David Hay (diplomat)

From Wikipedia, the free encyclopedia
Jump to: navigation, search
Sir David Hay
Secretary of the Department of Aboriginal Affairs
In office
20 January 1977 – 20 July 1979
Personal details
Born David Osborne Hay
29 November 1916
Corowa, New South Wales
Died 18 May 2009(2009-05-18) (aged 92)
Nationality Australia Australian
Spouse(s) Alison Adams (d. 2002)
Children 2 sons
Occupation Public servant and diplomat
Military service
Allegiance  Australia
Service/branch Australian Army
Years of service 1940–1949
Rank Lieutenant Colonel
Unit 2/6th Battalion (1940–46)
Commands 3rd Battalion (1948–49)
Battles/wars

Second World War

Awards Knight Bachelor
Commander of the Order of the British Empire
Distinguished Service Order

Sir David Osborne Hay CBE, DSO (29 November 1916[1] – 18 May 2009[2]) was an Australian soldier, senior public servant and diplomat, becoming Ambassador to the United Nations, Administrator of Papua New Guinea, and heading the departments of External Territories and Aboriginal Affairs.

Early life career[edit]

David Hay was born in 1916 in Corowa, New South Wales, where his parents had a grazing property. He attended Geelong Grammar School, becoming school captain and joint dux with Rupert Hamer, later Premier of Victoria. A member of the Geelong Grammar cricket team, he scored 284 runs in an innings, a record that stood for 60 years.[3]

He studied at Oxford University, reading classics, ancient history and philosophy at Brasenose College, graduating with second-class honours, and playing cricket for the university team.[1] He returned to Australia to join the public service, but found the fact that his degree was not from an Australian university was a barrier to entry. He continued studying, at Melbourne University.

David Hay joined the Treasury in 1939, moving to the Department of External Affairs shortly before the start of World War II. He joined the 2/6th Battalion, served in the Middle East, Greece and New Guinea, and rose to the rank of major. He married Alison Adams in 1944 and he returned to the war, earning the Distinguished Service Order (DSO) in 1945. After the war, he was lieutenant colonel commanding the 3rd Battalion in the Citizens' Military Forces.

Public servant and diplomat[edit]

He returned to the public service and was appointed official secretary to the Australian High Commission in Ottawa, Ontario, Canada. He then spent a year at the Royal College of Defence Studies in Britain. He was appointed Australian Ambassador to Thailand, and played an important role in the early days of the Southeast Asia Treaty Organization (SEATO). In 1961 he returned to Canada as High Commissioner, from where he was appointed Ambassador to the United Nations 1964–65.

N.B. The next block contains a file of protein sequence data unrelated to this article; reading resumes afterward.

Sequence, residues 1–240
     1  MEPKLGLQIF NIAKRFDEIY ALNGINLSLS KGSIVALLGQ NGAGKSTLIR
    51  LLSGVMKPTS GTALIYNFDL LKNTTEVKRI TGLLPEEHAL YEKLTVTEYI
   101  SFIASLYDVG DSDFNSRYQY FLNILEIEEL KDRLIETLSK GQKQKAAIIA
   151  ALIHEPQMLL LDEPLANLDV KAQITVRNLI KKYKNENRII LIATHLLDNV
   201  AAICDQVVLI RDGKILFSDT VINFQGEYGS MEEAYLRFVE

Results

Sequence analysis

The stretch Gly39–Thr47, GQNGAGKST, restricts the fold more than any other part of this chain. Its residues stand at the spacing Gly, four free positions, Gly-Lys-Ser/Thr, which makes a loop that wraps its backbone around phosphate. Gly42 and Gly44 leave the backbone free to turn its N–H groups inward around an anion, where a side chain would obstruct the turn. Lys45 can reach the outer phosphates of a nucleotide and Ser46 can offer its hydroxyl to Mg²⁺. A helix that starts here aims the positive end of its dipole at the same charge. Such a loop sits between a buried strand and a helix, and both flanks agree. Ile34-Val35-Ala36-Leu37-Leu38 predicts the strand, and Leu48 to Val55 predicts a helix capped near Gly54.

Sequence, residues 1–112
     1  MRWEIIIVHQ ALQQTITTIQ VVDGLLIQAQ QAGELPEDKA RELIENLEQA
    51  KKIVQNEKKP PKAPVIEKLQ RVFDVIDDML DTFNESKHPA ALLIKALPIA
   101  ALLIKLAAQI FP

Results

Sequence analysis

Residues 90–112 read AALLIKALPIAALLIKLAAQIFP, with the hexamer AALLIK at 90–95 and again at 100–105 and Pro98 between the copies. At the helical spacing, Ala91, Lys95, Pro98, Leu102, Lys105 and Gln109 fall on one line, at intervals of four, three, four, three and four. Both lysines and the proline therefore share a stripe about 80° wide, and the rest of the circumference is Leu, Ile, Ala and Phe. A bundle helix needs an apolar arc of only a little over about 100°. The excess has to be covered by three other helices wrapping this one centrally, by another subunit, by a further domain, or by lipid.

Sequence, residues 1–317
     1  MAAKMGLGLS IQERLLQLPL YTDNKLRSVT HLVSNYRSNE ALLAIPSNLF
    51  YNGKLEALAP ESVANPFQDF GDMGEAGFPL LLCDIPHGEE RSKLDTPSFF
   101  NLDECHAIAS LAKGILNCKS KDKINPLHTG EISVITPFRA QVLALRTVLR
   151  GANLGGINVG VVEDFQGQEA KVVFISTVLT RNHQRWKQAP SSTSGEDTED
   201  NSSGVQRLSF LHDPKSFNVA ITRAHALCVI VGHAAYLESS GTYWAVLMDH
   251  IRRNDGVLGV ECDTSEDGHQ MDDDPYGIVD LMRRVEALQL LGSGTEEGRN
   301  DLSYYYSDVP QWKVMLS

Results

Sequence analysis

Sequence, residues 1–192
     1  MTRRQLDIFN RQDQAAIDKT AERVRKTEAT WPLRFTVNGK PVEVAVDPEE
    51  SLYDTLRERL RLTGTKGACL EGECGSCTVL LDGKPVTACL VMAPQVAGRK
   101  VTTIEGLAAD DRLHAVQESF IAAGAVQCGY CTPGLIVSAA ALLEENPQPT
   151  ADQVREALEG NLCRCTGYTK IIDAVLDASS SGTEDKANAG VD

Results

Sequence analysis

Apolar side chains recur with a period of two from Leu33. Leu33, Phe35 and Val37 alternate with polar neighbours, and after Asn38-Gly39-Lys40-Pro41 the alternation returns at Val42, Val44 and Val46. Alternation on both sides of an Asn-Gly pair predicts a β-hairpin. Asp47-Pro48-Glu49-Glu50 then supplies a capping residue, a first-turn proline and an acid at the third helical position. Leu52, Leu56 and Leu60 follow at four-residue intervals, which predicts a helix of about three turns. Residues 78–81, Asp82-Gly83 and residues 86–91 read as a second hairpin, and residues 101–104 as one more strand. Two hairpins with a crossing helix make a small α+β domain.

He was appointed Administrator of Papua and New Guinea, then an Australian territory, from 23 December 1966[4][5] (he arrived on 9 January 1967).[6] This was in the period leading up to Papua New Guinea's self-government (1973) and independence (1975). His time was marred by clashes with the head of the Department of External Territories, George Warwick Smith, and he also made decisions without consulting the Minister for External Territories, Charles "Ceb" Barnes. In 1970 Hay spoke to the Prime Minister, John Gorton, after which Smith was moved to the Department of the Interior, Hay himself being appointed in Smith's place to head External Territories. The new PNG Administrator was Leslie Wilson Johnson, with whom Hay had a fruitful and positive relationship.

The Department of External Territories was abolished by the Whitlam government in 1973, and Hay was appointed Australia's first Military Ombudsman. He was appointed secretary of the Department of Aboriginal Affairs in 1976 by the Fraser government, retiring in 1979 on health grounds.

Later life[edit]

Hay wrote a history of the 2/6th Battalion, Nothing Over Us. He bought back his birthplace Boomanoomana homestead and restored the old family house, garden, outbuildings and land, and wrote a biography of his great-grandfather, The Life And Times Of William Hay Of Boomanoomana, 1816–1908.

He was made a Member of the Order of the British Empire (MBE) in 1943, a Commander (CBE) in 1963, and was awarded a knighthood in 1979.

Sir David Hay's wife, Alison, died in 2002. He died on 18 May 2009, aged 92. He was survived by two sons and three granddaughters (all of whom went to Geelong Grammar School),[3] and a daughter-in-law.

References[edit]

  1. ^ a b CricInfo
  2. ^ The Age, 20 May, family death notice
  3. ^ a b The Age, 21 May, death notice from Geelong Grammar School
  4. ^ PNG FAQ
  5. ^ Papua New Guinea PM's Office
  6. ^ National Library of Australia

Further reading[edit]

Government offices
Preceded by
Barrie Dexter
Secretary of the Department of Aboriginal Affairs
1977–1979
Succeeded by
Tony Ayers
Diplomatic posts
Preceded by
Bertram Ballard
Australian Minister to Thailand
1955–1957
Succeeded by
Keith Waller
as Ambassador
Preceded by
Walter Cawthorn
Australian High Commissioner to Canada
1961–1964
Succeeded by
Kenneth Bailey